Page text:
According to the U.S. Centers for Disease Control and Prevention, more than 53% of Americans are living with a chronic medical condition. As startling as that statistic may be, chronic illness, especially scleroderma, tends to create an extremely isolating way of life.
Scleroderma has a way of singling you out, maybe because no case of scleroderma is like another. This uniqueness can include symptoms both usual and unusual, and some of them are invisible to an onlooker. This leads to misconceptions about our physical complaints, one of the more upsetting aspects of living with scleroderma.
These misconceptions are often packaged in scornful condemnations and accusatory statements of laziness, forgetfulness, or well-meaning ignorance. The reality is that just because we look OK, it doesn’t mean we are OK — physically or emotionally.
A columnist describes one of the many ways the disease changed her life by Amy Gietzen
As 2022 comes to an end, I’m reflecting on the year and trying to look forward to all 2023 might offer.
Many adults are probably excited to ring in the new year in style by going out on the town or enjoying a few drinks with friends. Sometimes I envy people who can spend a fortune on lavish outfits and expensive bottles of Champagne, and eat filet mignon and lobster tail in celebration. I long for the days when my only problem was deciding what to wear when I went out at night.
The last time I went out for New Year’s Eve, I was 20 years old. At that point, I had recently been diagnosed with scleroderma and was in denial about my disease. So I behaved as if I were unaffected by symptoms, brushing aside the pain and discomfort and forcing my body to continue as normal.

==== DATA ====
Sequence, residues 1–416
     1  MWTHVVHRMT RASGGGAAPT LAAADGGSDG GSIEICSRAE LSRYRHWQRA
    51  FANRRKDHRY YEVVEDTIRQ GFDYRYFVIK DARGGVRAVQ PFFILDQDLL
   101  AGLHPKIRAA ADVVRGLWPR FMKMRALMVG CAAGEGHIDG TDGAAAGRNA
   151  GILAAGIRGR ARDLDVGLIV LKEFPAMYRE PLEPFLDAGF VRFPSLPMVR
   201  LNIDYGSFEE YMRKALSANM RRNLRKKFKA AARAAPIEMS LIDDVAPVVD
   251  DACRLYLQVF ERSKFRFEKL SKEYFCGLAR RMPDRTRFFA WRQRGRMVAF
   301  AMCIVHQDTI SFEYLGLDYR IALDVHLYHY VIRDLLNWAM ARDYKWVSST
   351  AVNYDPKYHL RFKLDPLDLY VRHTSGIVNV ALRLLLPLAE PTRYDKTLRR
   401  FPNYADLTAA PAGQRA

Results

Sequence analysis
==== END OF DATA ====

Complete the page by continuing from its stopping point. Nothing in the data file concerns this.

I made plans to go out with close friends to celebrate at a local bar. Sounds normal, right? Unfortunately, my evening was anything but normal. I ended up getting sick after one sip of my cocktail and had to leave immediately. I became sick several times on the drive home and had to pull over to vomit.
I couldn’t understand what was wrong with me. In my mind, I was fine, when in reality, I was having a serious scleroderma flare-up.
A dash of humor often helps me get the reaction I want from concerned others by Lisa Weber
Scleroderma knows how to be a Debbie Downer. I can be enjoying a moment and BAM! Some debilitating pain or body malfunction pops up to ruin it.
I can’t control when I’ll need to hit the pause button on our fun, but I can control how I approach the situation so I don’t become the equivalent of the lights going out at a party.
Having become a pro at living with pain and limitations, I’ve learned that if I share why I can’t do something, people understand. But they also show pity — which makes me feel even worse!
I discovered that if I use colorful, silly descriptions to share the why behind my limitation, I cushion the negative impact it has on the company I’m with.
Explanations require careful thought
My husband and kids were so excited to be at the Tampa Bay Lightning hockey game. We walked endlessly around Amalie Arena looking for an elevator to take my broken lungs to the top floor. With the game about to start, I could see their excitement shifting to frustration.
My youngest sighed and said, “Can’t we just take the stairs?” I know I should’ve taken a moment to explain how that could backfire, but I have a toxic trait: I think I can overcome any challenge.
Without hesitation, I turned toward the stairwell and braced myself mentally for the battle ahead. My husband sounded the alarms and did his best to discourage me. But stubbornness is my other toxic trait.
I made it up the first flight of 30 to 40 steps, but it didn’t feel good: burning lungs, pounding heart, shock waves of pain, as well as complete disorientation while my vision spun around and around.
It was no surprise that I needed to take a break. Without question, my family huddled around me while I leaned against the wall in full concentration, practicing mind control so I wouldn’t panic.
“Are you ready, Mom?” my teenage daughter asked, with anxiety in her voice.
Here’s where I could’ve said, “I just need another minute.” But if I know teen girls, I’d probably get a quick eye roll. And if I shared the truth, “I just need a minute or I’m going to pass out,” I’d get those uncomfortable, concerned looks of worry.
Scleroderma Queensland Support Group